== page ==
While the invention is susceptible to various modifications and alternative forms, specific embodiments thereof have been shown by way of example in the drawings and are herein described in detail. It should be understood, however, that the description herein of specific embodiments is not intended to limit the invention to the particular forms disclosed, but on the contrary, the intention is to cover all modifications, equivalents, and alternatives falling within the spirit and scope of the invention as defined by the appended claims.
Illustrative embodiments of the invention are described below. In the interest of clarity, not all features of an actual implementation are described in this specification. It will of course be appreciated that in the development of any such actual embodiment, numerous implementation-specific decisions must be made to achieve the developers' specific goals, such as compliance with system-related and business-related constraints, which will vary from one implementation to another. Moreover, it will be appreciated that such a development effort might be complex and time-consuming, but would nevertheless be a routine undertaking for those of ordinary skill in the art having the benefit of this disclosure.
Referring now to FIG. 1, a side view of a circuit assembly 10 in accordance with the present invention is shown. The circuit assembly 10 includes a printed circuit board 20, to which a socket 30 is mounted. In the illustrated embodiment, the socket 30 is a ZIF socket adapted to receive a pin grid array package, although other types of sockets may be used. An integrated circuit package 40, including a ceramic base 50 and a semiconductor die 60, is coupled to the socket 30. In the illustrated embodiment, the ceramic base 50 includes a plurality of contact pins 65 that engage the socket 30 using a conventional pin grid array configuration. The semiconductor die 60 is coupled to the ceramic base 50 using one of a number of conventional flip chip bonding processes well known to those of ordinary skill in the art. The contact pins 65 communicate logic signals between the printed circuit board 20 and the semiconductor die 60. A heat sink 70 is coupled to the semiconductor die 60 for dissipating heat generated therein.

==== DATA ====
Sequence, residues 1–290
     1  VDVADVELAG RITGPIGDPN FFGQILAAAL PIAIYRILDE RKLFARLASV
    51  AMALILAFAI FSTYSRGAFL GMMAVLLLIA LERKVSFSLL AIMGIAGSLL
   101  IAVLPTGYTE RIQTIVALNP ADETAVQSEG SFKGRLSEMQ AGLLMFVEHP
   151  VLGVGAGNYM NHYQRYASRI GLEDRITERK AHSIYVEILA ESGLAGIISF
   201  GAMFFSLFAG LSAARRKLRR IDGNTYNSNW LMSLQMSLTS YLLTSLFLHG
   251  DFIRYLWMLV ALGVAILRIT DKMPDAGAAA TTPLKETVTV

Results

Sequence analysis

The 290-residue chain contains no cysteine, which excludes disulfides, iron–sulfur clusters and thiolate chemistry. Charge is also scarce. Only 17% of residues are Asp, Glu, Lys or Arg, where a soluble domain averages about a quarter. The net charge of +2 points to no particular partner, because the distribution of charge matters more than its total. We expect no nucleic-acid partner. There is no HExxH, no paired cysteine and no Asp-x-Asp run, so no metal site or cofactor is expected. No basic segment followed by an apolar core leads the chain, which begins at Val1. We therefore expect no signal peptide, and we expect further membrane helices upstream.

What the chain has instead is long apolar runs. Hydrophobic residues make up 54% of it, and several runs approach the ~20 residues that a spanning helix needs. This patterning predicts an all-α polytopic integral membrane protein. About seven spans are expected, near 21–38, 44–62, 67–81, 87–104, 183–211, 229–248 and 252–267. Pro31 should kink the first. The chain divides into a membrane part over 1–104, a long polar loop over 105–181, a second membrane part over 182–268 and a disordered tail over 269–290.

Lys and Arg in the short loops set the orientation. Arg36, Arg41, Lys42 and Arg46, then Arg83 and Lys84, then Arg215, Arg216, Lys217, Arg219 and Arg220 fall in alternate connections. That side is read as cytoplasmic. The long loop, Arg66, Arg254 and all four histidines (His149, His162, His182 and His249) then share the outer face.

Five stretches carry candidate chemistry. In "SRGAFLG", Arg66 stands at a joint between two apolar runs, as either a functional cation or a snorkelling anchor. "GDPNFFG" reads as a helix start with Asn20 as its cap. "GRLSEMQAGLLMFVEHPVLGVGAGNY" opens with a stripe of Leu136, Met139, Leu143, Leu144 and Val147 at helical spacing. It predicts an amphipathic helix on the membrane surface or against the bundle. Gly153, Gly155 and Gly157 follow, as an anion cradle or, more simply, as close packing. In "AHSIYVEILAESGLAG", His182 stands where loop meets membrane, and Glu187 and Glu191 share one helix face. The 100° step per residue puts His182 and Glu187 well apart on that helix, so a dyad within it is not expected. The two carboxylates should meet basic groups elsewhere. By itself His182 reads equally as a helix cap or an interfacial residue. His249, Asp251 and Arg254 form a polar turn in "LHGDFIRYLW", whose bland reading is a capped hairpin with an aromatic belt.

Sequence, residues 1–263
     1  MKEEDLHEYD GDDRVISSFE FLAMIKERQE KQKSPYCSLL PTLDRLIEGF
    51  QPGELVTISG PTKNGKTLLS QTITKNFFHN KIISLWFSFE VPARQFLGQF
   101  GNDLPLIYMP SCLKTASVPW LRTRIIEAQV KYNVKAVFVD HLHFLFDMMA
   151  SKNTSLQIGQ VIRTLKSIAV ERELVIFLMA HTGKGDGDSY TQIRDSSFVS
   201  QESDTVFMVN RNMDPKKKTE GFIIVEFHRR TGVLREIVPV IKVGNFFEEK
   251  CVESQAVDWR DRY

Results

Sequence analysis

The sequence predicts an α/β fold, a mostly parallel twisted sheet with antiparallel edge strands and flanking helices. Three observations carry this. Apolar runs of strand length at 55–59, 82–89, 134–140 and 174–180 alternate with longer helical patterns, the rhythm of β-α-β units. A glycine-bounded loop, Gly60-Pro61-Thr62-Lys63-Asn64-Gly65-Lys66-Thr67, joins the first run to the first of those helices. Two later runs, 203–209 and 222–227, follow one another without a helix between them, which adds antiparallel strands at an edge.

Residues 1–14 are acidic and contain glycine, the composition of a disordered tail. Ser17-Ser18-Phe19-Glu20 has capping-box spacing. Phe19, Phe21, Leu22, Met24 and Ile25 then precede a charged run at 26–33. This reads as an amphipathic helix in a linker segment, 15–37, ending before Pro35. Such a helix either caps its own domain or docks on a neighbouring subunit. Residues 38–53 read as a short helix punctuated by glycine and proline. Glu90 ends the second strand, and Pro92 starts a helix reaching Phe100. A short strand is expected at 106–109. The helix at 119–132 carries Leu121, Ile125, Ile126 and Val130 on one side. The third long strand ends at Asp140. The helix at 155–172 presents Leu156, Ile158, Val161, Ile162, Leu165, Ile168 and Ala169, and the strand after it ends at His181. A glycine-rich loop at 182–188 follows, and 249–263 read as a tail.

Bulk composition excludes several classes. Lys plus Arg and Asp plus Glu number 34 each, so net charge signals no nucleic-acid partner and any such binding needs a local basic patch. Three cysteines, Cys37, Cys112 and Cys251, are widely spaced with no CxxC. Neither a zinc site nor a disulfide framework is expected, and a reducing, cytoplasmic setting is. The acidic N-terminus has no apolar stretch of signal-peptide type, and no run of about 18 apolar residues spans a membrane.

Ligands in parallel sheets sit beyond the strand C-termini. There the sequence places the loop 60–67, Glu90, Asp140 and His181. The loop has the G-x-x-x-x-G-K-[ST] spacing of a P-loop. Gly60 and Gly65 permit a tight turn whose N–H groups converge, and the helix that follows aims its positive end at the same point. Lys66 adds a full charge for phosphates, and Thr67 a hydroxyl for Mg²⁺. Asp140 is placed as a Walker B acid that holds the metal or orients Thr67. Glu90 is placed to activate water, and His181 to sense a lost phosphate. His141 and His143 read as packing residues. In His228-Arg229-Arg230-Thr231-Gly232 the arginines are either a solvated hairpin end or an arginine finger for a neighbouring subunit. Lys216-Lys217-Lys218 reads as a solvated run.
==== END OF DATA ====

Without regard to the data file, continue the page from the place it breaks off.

In accordance with the present invention, contact pads 80, 90 are formed on an upper surface 100 of the ceramic base 50. The contact pads 80, 90 are coupled to the semiconductor die 60 as represented by the dashed line connection. In the illustrated embodiment, the contact pads 80, 90 are solder pads formed during the soldering of other circuitry (not shown) on the upper surface 100. Spring contacts 110, 120 are coupled to the printed circuit board 20 and interface with the contact pads 80, 90. It is also contemplated that the spring contacts 110, 120 may be mounted to the contact pads 80, 90 and interface with the printed circuit board 20. In an alternative embodiment, illustrated in FIG. 2, the spring contacts 110, 120 extend from the socket 30 to interface with the contact pads 80, 90.
The spring contacts 110, 120 may be constructed of a spring metal. Although the contacts 110, 120 are is illustrated as being spring type contacts, the application of the present invention is not so limited, and other contact types may be used. The spring contacts 110, 120 have a higher current-carrying capacity than the contact pins 65 of the ceramic base 50, and, hence, are useful for providing power and ground signals to the semiconductor die 60. Supplying power and ground signals through the spring contacts 110, 120, as opposed to the contact pins 65 of the ceramic base 50, frees up contact pin resources for carrying additional logic signals without requiring an increase in die size.
The particular number of contact pads 80, 90 and corresponding spring contacts 110, 120 is application dependent, and may vary, depending on factors such as the layout of the semiconductor die 60 and the power requirements of the semiconductor die 60. To enhance the corrosion resistance of the spring contacts 110, 120, they may be gold plated. Many different constructs for the spring contacts 110, 120 are possible. The illustrated exemplary spring contacts 110, 120 of FIG. 1 have a roughly s-shaped cross section. Other cross sections, such as c-shaped (as shown in FIG. 2) or rectangular may be used.